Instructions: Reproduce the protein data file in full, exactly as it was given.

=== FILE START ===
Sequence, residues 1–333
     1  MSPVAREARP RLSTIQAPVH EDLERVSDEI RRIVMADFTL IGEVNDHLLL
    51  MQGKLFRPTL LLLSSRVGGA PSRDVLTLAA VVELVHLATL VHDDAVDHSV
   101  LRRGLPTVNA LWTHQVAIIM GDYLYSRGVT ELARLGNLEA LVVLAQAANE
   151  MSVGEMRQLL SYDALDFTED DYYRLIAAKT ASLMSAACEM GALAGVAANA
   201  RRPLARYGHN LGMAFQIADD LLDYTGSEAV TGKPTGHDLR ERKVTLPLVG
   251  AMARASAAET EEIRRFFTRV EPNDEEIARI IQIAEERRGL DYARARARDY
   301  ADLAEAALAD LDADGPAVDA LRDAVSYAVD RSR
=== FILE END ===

Sequence, residues 1–333
     1  MSPVAREARP RLSTIQAPVH EDLERVSDEI RRIVMADFTL IGEVNDHLLL
    51  MQGKLFRPTL LLLSSRVGGA PSRDVLTLAA VVELVHLATL VHDDAVDHSV
   101  LRRGLPTVNA LWTHQVAIIM GDYLYSRGVT ELARLGNLEA LVVLAQAANE
   151  MSVGEMRQLL SYDALDFTED DYYRLIAAKT ASLMSAACEM GALAGVAANA
   201  RRPLARYGHN LGMAFQIADD LLDYTGSEAV TGKPTGHDLR ERKVTLPLVG
   251  AMARASAAET EEIRRFFTRV EPNDEEIARI IQIAEERRGL DYARARARDY
   301  ADLAEAALAD LDADGPAVDA LRDAVSYAVD RSR